Turkish President Recep Tayyip Erdogan hosted a giant rally in the Istanbul district of Yenikapi on Saturday ahead of an April 16 referendum that will decide whether or not to adopt a presidential system of government.
Hundreds of thousands packed into one of the biggest public spaces in Istanbul on Saturday as President Recep Tayyip Erdogan hosted a giant rally seeking votes in Turkey's largest city just over a week ahead of a referendum on enhancing his powers.
Lambasting Turkey's enemies, Erdogan said a "yes" vote in the April 16 referendum would give Turkey more stability and power.
"On April 16, do you want to say "yes" to a strong Turkey?" Erdogan asked the crowd, who waved red and white crescent moon Turkish flags. "Yes!" the crowd roared back.
Erdogan arrived by helicopter to cheers at the vast open ground space in the Istanbul district of Yenikapi, on the shores of the sea of Marmara.
The Turkish president was flanked by his wife, Emine Erdogan, and Turkish Prime Minister Binali Yildirim and his wife, Semiha Yildirim.
Addressing the rally, Prime Minister Yildirim warned those who use "terror and economic crises to hinder Turkey's path in a dark game."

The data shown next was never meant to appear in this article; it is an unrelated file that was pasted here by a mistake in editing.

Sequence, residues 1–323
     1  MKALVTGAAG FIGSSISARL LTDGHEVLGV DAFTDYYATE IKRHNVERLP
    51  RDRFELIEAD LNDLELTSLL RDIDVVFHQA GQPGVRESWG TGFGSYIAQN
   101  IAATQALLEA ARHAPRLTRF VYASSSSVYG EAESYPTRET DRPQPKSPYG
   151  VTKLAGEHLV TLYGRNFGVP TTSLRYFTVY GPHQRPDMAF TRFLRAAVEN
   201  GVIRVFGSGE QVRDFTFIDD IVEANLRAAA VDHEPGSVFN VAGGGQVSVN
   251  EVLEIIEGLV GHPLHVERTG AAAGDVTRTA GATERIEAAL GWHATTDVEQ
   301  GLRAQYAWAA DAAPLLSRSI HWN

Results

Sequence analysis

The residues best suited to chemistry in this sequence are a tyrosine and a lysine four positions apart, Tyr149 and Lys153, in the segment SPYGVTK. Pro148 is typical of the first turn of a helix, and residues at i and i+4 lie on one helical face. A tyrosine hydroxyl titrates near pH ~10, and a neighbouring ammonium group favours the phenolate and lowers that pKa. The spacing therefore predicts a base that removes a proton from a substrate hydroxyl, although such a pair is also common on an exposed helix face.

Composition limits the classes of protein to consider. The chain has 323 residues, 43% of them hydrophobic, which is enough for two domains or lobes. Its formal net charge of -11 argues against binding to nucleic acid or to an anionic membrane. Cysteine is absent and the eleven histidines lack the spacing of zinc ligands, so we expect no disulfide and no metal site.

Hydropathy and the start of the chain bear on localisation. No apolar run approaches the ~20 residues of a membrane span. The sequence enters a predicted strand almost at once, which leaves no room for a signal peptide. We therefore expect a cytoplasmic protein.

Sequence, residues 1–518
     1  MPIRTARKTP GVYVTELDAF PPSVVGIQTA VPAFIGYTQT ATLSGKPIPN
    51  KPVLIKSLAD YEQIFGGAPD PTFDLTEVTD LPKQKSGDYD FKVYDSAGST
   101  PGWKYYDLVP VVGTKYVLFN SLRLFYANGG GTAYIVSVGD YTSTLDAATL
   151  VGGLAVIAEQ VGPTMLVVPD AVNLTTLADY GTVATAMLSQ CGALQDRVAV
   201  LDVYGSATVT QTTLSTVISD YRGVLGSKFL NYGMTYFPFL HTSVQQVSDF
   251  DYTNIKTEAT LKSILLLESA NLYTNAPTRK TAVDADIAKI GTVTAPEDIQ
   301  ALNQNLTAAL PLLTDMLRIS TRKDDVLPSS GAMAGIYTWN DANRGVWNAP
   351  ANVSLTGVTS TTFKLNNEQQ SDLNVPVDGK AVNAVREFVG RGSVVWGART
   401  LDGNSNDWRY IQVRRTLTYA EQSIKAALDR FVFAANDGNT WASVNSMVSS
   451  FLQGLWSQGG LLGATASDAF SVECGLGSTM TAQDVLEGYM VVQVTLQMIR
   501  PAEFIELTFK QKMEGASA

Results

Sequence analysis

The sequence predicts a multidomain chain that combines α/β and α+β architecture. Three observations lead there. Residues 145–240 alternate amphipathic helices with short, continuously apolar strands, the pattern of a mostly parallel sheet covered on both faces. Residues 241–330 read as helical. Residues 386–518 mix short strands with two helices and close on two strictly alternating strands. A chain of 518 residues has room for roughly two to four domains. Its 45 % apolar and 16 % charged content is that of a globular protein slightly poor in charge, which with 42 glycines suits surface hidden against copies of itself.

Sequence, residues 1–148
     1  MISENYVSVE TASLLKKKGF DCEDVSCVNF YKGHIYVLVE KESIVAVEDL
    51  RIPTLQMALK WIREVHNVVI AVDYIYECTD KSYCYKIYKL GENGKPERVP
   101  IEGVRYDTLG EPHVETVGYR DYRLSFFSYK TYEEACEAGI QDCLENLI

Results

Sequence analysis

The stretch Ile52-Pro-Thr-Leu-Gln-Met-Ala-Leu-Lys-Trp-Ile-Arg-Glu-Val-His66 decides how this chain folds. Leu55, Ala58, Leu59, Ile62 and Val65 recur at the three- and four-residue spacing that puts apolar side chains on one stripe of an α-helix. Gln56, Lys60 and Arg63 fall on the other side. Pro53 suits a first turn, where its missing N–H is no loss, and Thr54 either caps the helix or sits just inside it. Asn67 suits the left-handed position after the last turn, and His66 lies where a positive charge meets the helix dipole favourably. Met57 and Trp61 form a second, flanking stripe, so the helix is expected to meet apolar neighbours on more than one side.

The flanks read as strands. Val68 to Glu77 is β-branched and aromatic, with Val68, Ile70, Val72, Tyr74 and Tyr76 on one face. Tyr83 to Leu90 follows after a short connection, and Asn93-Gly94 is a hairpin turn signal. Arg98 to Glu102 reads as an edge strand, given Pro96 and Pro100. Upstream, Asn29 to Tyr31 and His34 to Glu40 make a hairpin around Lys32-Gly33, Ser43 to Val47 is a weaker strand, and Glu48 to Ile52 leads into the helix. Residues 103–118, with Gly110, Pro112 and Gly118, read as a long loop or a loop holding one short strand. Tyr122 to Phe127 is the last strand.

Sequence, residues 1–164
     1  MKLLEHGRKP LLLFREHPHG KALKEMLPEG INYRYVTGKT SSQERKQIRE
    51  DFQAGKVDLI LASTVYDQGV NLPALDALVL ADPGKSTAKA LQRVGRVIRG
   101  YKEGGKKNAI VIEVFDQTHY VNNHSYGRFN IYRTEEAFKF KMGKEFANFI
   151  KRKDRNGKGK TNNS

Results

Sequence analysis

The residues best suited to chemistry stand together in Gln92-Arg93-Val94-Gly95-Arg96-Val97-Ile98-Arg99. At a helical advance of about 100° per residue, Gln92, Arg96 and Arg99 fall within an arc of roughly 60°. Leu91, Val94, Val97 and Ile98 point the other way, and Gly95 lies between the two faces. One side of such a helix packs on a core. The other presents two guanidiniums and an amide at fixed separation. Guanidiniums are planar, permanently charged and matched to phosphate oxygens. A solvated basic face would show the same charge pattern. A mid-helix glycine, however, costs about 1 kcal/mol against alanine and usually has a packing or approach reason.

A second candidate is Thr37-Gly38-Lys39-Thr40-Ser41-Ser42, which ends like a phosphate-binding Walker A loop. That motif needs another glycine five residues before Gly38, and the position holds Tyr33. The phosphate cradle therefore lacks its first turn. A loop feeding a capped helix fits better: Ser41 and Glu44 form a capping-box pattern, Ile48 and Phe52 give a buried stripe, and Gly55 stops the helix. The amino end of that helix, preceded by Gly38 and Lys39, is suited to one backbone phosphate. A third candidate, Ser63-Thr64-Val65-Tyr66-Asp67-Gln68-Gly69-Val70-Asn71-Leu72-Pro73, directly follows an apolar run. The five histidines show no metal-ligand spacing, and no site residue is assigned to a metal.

"No" camp against development
It was here on August 7, 2016, that Erdogan held a mass rally to promote national solidarity in the wake of the failed July 15 coup blamed on the US-based cult leader Fethullah Gulen.
During his address, Erdogan said the likes of FETO (Fetullah Terrorist Organisation), who denies being behind the coup, and the PKK terrorist organisation, want to see a "no."
He said that "no" voters are also against his projects to transform Turkey through modern infrastructure projects such as bridges and tunnels.
"They said 'no' to the bridges. They say 'no' to a modern Turkey," he roared, prowling around a walkway that extended from the stage.
If approved, the new system will see the scrapping of the post of prime minister, the creation of vice presidents, as well as empowering the president to appoint ministers directly.
The changes will also allow the president to be affiliated with a political party.
Supporters say that the new system will create an efficient US-style presidential system but critics argue the risk of a lack of checks-and-balances.
The "no" camp, spearheaded by Turkey's main opposition Republican People's Party (CHP), organised a rally in Trabzon, in northeastern Turkey.